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Further Escalation of North Korean Nuclear Issue Will Require Tougher Measures

Further Escalation of North Korean Nuclear Issue Will Require Tougher Measures

Posted May. 25, 2003 21:38,   


At the May 23 summit between U.S. President George W. Bush and Japanese Prime Minister Junichiro Koizumi, an agreement was reached regarding North Korea’s nuclear crisis in that it should be solved diplomatically, but that further escalation of tensions by the North would require "tougher measures."

On May 24, North Korea hinted at the possibility of a departure from its previous refusal to multilateral talks, saying that if "the U.S. participates in bilateral talks with us, we will agree to multilateral talks in line with U.S. wishes."

At a joint press conference held after the summit at the U.S. President’s ranch in Crawford, Texas, the two leaders both said: "We are confident that our diplomatic approach will bring about a peaceful solution. We agreed that further escalation of the situation by North Korea will require tougher measures from the international community."

They also said that they would not tolerate any steps the North takes towards possessing nuclear weapons and that in future talks with Pyongyang, Seoul and Tokyo should be included.

In dealing with North Korea`s nuclear ambitions, both dialogue and pressure are needed, the Japanese Prime Minister said. On May 24, he also told reporters that he would take tougher measures against illegal trade, smuggling and drug trafficking involving North Korea.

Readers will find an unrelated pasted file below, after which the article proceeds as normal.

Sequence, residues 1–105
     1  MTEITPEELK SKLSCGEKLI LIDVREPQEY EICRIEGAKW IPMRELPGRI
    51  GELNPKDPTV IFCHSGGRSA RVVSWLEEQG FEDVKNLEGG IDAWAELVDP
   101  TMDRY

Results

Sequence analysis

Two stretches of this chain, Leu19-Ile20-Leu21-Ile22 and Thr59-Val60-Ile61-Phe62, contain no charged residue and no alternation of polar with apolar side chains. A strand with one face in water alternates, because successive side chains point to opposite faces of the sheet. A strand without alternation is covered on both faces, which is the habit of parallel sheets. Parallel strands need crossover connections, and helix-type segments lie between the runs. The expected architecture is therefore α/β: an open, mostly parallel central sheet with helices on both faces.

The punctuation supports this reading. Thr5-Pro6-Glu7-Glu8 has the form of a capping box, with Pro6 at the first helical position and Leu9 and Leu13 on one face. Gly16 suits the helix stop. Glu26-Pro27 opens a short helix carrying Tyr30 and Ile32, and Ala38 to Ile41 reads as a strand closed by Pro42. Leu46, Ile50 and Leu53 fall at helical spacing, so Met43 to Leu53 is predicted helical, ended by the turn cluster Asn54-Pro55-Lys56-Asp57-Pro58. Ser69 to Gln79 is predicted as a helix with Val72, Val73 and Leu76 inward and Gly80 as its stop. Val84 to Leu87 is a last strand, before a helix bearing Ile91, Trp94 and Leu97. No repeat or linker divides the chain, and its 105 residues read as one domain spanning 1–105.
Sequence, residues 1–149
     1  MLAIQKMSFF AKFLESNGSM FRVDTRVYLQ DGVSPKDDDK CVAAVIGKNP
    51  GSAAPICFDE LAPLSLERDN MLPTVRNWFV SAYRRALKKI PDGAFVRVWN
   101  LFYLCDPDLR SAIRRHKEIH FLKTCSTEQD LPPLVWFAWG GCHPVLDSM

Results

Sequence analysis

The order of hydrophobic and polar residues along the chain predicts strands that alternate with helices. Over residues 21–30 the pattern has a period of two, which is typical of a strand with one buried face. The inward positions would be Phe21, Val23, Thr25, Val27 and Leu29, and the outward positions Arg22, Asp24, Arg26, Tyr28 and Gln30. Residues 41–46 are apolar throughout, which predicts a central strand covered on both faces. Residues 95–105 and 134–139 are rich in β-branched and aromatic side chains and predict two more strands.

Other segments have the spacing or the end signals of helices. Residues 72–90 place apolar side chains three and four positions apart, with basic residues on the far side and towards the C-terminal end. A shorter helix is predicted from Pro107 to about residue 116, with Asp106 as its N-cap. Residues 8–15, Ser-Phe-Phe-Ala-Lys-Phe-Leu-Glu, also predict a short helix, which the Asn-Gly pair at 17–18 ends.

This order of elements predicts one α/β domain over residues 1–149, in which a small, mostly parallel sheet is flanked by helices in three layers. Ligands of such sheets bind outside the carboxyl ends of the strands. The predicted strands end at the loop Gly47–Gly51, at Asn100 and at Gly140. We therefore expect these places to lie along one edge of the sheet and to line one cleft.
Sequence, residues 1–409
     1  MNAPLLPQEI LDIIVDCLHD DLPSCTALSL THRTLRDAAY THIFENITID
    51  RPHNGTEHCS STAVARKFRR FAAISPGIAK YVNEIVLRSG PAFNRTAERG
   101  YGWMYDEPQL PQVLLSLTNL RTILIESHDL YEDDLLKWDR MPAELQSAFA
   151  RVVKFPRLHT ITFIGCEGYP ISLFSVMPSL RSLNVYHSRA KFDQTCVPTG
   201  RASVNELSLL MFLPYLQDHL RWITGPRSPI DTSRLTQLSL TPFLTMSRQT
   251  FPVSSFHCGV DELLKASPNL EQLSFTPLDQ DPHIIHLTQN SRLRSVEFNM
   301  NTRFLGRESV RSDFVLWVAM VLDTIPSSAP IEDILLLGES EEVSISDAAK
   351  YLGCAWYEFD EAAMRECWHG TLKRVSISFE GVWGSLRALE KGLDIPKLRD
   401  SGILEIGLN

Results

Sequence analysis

Meanwhile, a spokesman at North Korea’s Foreign Ministry issued a statement on May 24, one month after the three-way talks with China and the U.S. in Beijing. In the statement, the North Korean government said, "The U.S. has not said a single word about our new, bold proposal. Instead, it is only holding onto talks. If the U.S. first proposes a bilateral meeting with us, we might be able to accept multilateral talks along with U.S. wishes."

A source within Japan’s Foreign Ministry interpreted the statement released by Pyongyang as hinting at a willingness to accept multilateral talks. Major Japanese newspapers ran the story on their front pages.

With regard to the agreement on May 23 by Mr. Bush and Mr. Koizumi that South Korea and Japan should join talks with North Korea, a spokesman for China`s Foreign Ministry, Zhang Qiyue, said that "China’s position puts priority on pushing forward with three-way talks and for the time being, China will not consider the participation of Seoul and Tokyo in the dialogue with Pyongyang."